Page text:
In its pre-launch press-deck for the Ryzen 3 2200G and Ryzen 5 2400G, AMD did the obvious - comparing a similarly priced Intel Core i5-8400 six-core processor (MSRP: $189) with its faster Ryzen 5 2400G (MSRP: $169.99) at gaming, highlighting its products key promise - enabling 1080p gaming with many of the newer AAA titles. In AMD's testing, the Radeon Vega 11 iGPU keeps frame-rates well above 30 fps at 1080p. In key popular titles such as "Battlefield 1," the frame-rates cross 50 fps, titles like "Overwatch" and "Rocket League" are almost that fast. "Skyrim" approaches 96 fps, while "The Witcher 3" stays barely above 30 fps. The i5-8400 with its UHD 620 graphics barely touches the 30 fps mark in any of the games, at 1080p. Even taking into account AMD's marketing hyperbole, the Radeon Vega 11 seems capable of running most eSports titles at resolutions above 1600 x 900, which should particularly interest iCafes and gamers on a shoestring budget.

Graphics Industry Leaders Mike Rayfield and David Wang Join AMD

AMD today announced the appointment of Mike Rayfield as senior vice president and general manager of AMD Radeon Technologies Group (RTG), and David Wang as senior vice president of engineering for RTG. Both will report to President and CEO Dr. Lisa Su. Rayfield will be responsible for all aspects of strategy and business management for AMD's graphics business including consumer graphics, professional graphics, and semi-custom products. Wang will be responsible for all aspects of graphics engineering, including the technical strategy, architecture, hardware, and software for AMD graphics products and technologies.

"Mike and David are industry leaders who bring proven track records of delivering profitable business growth and leadership product roadmaps," said AMD President and CEO Dr. Lisa Su. "We enter 2018 with incredible momentum for our graphics business based on the full set of GPU products we introduced last year for the consumer, professional, and machine learning markets. Under Mike and David's leadership, I am confident we will continue to grow the footprint of Radeon across the gaming, immersive, and GPU compute markets."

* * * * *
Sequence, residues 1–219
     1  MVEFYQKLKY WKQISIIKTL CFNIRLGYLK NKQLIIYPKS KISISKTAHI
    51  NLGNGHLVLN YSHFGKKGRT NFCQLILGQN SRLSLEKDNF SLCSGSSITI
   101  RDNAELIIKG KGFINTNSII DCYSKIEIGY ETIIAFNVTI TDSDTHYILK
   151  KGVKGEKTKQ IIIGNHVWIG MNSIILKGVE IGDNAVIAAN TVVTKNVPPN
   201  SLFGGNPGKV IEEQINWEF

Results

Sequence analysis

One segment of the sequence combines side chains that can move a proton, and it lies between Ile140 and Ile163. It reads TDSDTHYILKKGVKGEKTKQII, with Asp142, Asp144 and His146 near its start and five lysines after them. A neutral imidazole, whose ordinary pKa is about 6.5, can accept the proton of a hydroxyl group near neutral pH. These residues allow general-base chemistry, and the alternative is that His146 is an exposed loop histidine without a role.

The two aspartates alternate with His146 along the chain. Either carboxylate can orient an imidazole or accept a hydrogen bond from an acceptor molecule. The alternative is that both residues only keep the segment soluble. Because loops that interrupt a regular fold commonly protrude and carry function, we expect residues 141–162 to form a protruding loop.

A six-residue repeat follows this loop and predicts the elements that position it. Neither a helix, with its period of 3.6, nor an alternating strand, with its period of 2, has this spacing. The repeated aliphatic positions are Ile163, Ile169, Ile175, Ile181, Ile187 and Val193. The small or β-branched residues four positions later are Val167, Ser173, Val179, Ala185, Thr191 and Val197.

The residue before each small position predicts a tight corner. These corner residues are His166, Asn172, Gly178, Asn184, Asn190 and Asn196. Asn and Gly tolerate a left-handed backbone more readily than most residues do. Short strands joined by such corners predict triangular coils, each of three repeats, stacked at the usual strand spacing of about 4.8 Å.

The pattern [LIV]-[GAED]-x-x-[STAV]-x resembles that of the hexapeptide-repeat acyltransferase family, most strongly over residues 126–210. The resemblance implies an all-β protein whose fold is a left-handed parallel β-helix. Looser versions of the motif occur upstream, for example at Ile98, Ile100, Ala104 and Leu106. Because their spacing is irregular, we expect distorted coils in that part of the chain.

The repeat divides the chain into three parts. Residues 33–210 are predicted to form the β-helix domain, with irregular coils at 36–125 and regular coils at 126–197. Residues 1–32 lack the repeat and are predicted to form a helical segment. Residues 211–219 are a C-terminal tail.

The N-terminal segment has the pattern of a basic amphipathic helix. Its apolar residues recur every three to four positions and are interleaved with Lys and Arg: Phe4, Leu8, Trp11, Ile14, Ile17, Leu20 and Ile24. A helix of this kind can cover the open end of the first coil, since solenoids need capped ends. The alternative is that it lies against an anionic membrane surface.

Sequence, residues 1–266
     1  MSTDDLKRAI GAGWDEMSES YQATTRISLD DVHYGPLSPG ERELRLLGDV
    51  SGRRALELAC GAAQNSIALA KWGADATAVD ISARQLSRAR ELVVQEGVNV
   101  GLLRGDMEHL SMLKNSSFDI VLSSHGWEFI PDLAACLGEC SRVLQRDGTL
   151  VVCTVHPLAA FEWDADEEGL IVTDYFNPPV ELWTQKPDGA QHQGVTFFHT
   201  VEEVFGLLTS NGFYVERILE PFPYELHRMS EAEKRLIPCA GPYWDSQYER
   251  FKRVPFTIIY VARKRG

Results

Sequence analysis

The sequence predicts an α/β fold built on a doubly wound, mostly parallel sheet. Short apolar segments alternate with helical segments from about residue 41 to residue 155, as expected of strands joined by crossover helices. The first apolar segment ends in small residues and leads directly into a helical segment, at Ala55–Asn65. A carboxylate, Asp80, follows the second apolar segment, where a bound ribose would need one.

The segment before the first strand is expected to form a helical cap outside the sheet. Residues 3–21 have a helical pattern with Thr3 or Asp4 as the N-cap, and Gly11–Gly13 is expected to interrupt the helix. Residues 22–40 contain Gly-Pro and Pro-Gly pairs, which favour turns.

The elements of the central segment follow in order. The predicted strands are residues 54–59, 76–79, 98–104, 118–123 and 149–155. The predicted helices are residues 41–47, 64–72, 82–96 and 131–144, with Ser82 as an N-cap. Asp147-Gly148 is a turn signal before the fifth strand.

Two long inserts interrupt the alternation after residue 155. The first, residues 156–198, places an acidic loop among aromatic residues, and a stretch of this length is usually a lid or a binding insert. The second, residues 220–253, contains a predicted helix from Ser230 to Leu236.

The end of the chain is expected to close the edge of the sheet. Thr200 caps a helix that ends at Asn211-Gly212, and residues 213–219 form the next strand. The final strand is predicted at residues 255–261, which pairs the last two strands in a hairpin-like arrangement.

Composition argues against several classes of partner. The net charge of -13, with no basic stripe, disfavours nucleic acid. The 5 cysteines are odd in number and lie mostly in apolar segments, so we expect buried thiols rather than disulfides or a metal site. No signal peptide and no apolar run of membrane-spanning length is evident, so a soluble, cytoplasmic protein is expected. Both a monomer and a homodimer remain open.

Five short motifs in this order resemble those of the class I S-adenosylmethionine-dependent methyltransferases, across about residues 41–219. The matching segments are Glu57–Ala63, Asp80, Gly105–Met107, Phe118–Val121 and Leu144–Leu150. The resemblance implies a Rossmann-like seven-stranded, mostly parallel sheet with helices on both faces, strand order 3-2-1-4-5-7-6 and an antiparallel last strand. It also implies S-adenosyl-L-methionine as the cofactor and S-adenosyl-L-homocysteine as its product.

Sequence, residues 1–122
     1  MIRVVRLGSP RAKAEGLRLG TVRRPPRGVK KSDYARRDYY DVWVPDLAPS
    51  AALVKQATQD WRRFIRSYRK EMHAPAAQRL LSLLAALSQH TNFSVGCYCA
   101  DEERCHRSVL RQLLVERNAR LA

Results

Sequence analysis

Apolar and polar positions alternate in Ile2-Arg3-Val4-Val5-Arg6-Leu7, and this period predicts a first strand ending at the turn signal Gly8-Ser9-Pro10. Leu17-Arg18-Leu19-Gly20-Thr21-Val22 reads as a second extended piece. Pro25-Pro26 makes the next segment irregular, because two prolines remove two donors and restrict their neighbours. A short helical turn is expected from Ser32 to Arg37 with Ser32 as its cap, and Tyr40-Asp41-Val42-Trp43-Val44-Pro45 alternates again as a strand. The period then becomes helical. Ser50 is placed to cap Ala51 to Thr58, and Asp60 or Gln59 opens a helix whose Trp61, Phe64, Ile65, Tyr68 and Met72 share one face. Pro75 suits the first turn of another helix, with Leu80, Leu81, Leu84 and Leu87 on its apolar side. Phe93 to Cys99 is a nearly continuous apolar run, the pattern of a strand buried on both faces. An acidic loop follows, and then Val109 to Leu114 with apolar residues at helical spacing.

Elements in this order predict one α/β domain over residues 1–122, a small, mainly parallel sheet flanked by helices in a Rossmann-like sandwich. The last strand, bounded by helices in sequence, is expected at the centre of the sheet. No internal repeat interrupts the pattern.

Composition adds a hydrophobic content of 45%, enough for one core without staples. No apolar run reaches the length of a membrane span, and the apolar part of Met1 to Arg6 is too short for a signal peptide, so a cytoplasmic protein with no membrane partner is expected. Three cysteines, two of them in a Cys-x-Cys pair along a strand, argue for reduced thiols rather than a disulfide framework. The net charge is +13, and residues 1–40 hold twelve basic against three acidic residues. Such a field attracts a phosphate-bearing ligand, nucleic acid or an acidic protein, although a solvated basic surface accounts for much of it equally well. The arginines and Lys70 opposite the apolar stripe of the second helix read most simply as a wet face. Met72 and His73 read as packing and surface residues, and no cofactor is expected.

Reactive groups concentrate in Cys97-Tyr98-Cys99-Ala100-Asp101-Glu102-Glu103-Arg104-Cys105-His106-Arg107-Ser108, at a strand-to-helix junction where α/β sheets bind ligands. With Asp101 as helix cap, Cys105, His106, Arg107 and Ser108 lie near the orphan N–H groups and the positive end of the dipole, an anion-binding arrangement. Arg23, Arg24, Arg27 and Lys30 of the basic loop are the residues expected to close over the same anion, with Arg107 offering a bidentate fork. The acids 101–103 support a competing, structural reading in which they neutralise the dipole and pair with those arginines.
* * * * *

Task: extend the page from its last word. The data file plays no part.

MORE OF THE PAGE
MSI Radeon RX 570 Armor MK2 Graphics Card Pictured

MSI is apparently working on a revised version of its dual-fan Armor design for AMD's cards, dropping the white and black color scheme and opting for a more AMD-basic black and red one. The new versions, tentatively dubbed the Armor MK2 graphics cards, are expected to trickle through MSI's AMD graphics card lineup slowly, starting with the RX 570 and RX 560 graphics cards in their OC versions. The new color scheme, even if used to exhaustion already, does a little more than the previous Armor iteration in conveying the image of an AMD graphics card (black and red, anyone?), and the Armor MK2 models should feature an additional color and design upgrade to the existing backplate.

AMD Cancels Implicit Primitive Shader Driver Support

Primitive shaders are lightweight shaders that break the separation of vertex and geometry shaders, promising a performance gain in supporting games. Initially announced during the Radeon RX Vega launch, the feature has been delayed again and again. At one of its 2018 International CES interactions with the press, AMD reportedly announced that it had cancelled the implicit driver path for primitive shaders. Game developers will still be able to implement primitive shaders on AMD hardware, using a (yet to be released) explicit API path. The implicit driver path was the more interesting technology though, since it could have provided meaningful performance gains to existing games and help cut down a lot of developer effort for games in development. AMD didn't state the reasons behind the move.

To explain the delay, some people were speculating that the Primitive Shader feature was broken unfixable in hardware, which doesn't seem to be the case, now that we are hearing about upcoming API support for it, so this can also be interpreted as good news for Vega owners.

TechPowerUp GPU-Z v2.7.0 Released

TechPowerUp today released the latest version of GPU-Z, the popular graphics subsystem information and diagnostic utility. Version 2.7.0 comes with a handful of important bug fixes and updates to its internal modules. To begin with, we've updated the NVFlash module that lets GPU-Z extract video BIOS from graphics cards, the newer NVFlash supports BIOS extraction from some of the newer NVIDIA graphics cards such as the GTX 1070 Ti. We've also fixed incorrect video memory amount reading on AMD Radeon RX Vega graphics cards. TMU and ROP counts, and OpenCL status on AMD "Polaris 21" GPUs is fixed, as is incorrect labeling of a memory clock sensor on NVIDIA GPUs. GPU-Z will no longer prevent system shutdowns and reboots on Windows 10 Fall Creators Update.